Social media continues to present the courts with an array of legal questions, including discoverability, authentication, and privacy protections. Southern District of New York Judge William H. Pauley III is the most recent to address social media and its interplay with the Fourth Amendment and the reasonable expectation of privacy. United States v. Meregildo, __ F. Supp. 2d __, 2012 WL 3264501 (S.D.N.Y. Aug. 10, 2012). In that case, defendant Melvin Colon moved to suppress evidence printed by the government from his Facebook account, accessed through a cooperator who was his “friend” on the ubiquitous social media network, and then used in a search warrant application. Judge Pauley evaluated the evidence — in the context of Colon’s particular Facebook privacy settings and wide-circle of “friends” — and denied the motion, deeming the evidence lawfully obtained and utilized. Id. at *2.  

The Fourth Amendment & Social Media

The Supreme Court has held that “[a] person has a constitutionally protected reasonable expectation of privacy when they have both a subjective expectation of privacy and that expectation is one that society recognizes as reasonable.” Id. at *1 (citing United States v. Katz, 389 U.S. 361 (1967)). With regard to computers and related technology, the Second Circuit has held that, while “people have a reasonable expectation of privacy in the contents of their home computers[,] . . . this expectation is not absolute, and may be extinguished when a computer user transmits information over the Internet or by e-mail.” Id. (citations omitted) (emphasis supplied).

Facebook presents the court with an interesting inquiry because a party can control his account privacy settings, determining who can see pictures or information posted to his “wall,” who can view his status or profile, and who can view his list of “friends.” In Meregildo, Colon had posted messages to his account detailing prior acts of violence, threatening new violence to rival gang members, and seeking to maintain the loyalties of his own gang members. Id. at *2. One of Colon’s “friends” — who became a cooperating witness — had access to all of this content due to Colon’s privacy settings — or lack thereof — and, in turn, provided the government with access to the same, which it then used successfully to support probable cause in a search warrant application.

Privacy Settings and Circle of Friends

Judge Pauley emphasized the privacy settings used by Colon on his Facebook account. He noted that “postings using more secure privacy settings reflect the user’s intent to preserve information as private and may be constitutionally protected.” Id. at *1 (citation omitted). Because Colon’s privacy settings allowed the cooperating witness “friend” to see messages that Colon posted to his profile, Judge Pauley held that “the Government [was able to] access them through a cooperating witness who [was] a ‘friend’ without violating the Fourth Amendment.” Id. at *2.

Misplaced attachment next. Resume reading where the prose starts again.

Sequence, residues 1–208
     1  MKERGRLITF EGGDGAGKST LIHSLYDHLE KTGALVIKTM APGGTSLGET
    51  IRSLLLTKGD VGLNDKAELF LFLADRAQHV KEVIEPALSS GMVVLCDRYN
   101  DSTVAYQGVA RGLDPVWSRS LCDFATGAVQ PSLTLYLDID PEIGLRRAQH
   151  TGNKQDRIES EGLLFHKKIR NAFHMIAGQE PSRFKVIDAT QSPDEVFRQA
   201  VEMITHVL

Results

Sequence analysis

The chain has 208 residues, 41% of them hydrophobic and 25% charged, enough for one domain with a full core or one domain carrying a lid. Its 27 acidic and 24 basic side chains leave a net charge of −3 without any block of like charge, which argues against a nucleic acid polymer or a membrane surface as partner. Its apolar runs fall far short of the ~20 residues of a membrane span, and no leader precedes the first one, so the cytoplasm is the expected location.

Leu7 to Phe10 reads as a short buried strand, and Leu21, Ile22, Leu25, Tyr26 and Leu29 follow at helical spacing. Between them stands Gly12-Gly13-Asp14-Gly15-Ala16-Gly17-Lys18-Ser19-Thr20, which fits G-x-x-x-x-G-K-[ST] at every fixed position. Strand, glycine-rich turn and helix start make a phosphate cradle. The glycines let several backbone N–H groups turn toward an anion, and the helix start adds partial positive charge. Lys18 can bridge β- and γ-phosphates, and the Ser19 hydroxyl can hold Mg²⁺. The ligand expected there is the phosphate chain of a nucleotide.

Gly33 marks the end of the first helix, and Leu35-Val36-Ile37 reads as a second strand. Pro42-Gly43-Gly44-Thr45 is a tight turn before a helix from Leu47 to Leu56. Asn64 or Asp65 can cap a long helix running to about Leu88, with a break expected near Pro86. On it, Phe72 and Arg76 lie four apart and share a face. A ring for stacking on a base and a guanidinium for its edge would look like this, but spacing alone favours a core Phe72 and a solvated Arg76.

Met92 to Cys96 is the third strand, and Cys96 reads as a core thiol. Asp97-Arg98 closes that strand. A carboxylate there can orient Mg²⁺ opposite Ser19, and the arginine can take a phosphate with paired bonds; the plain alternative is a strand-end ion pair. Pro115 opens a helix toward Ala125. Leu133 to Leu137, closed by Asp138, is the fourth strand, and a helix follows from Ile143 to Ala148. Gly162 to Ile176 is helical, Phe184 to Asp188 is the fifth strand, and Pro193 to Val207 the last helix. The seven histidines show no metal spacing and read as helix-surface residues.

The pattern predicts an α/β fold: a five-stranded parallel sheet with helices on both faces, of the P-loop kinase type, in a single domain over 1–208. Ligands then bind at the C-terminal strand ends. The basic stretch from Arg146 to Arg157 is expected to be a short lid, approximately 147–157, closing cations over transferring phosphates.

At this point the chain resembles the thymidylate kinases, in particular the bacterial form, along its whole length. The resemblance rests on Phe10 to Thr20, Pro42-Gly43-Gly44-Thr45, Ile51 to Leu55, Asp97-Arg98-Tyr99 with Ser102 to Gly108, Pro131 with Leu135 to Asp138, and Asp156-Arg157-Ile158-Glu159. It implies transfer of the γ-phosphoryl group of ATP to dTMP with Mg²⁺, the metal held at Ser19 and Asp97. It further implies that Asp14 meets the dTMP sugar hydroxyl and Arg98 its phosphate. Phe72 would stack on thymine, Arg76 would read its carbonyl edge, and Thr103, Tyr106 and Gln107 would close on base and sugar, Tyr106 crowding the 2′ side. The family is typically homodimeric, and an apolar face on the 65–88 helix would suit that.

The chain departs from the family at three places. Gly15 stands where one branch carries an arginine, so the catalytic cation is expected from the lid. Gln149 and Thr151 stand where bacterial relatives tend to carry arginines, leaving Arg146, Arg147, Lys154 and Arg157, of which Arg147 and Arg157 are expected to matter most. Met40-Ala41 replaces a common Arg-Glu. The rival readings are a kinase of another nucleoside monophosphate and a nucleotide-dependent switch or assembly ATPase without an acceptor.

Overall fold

Judge Pauley also factored into his analysis the number of Facebook “friends” Colon had. “[T]he wider his circle of ‘friends,’ the more likely Colon’s posts would be viewed by someone he never expected to see them.” Id. As such, Colon’s expectation of privacy ended when he posted, because his wide circle of “friends” were free to share those posts, just as a friend would be free to share a written letter or email. Id. These posts were at Colon’s “peril.” Id.  


While social media can be usefully harnessed to share documents, photographs, or other information, privacy settings and friend-count may play a crucial role in the legal analysis of privacy expectations. While the issue arose here in the context of gang activity, the content of social media postings has been sought in an array of civil and criminal litigations, as discussed in prior issues of this Update. Many of these cases have demonstrated that the “private” information an individual chooses to share on social media sites and networks with “friends” may one day be considered subject to discovery and legal proceedings.

Summer Associates Daniel Lennard, David Mayo, Anna Schoenfelder, and Alexander Traum.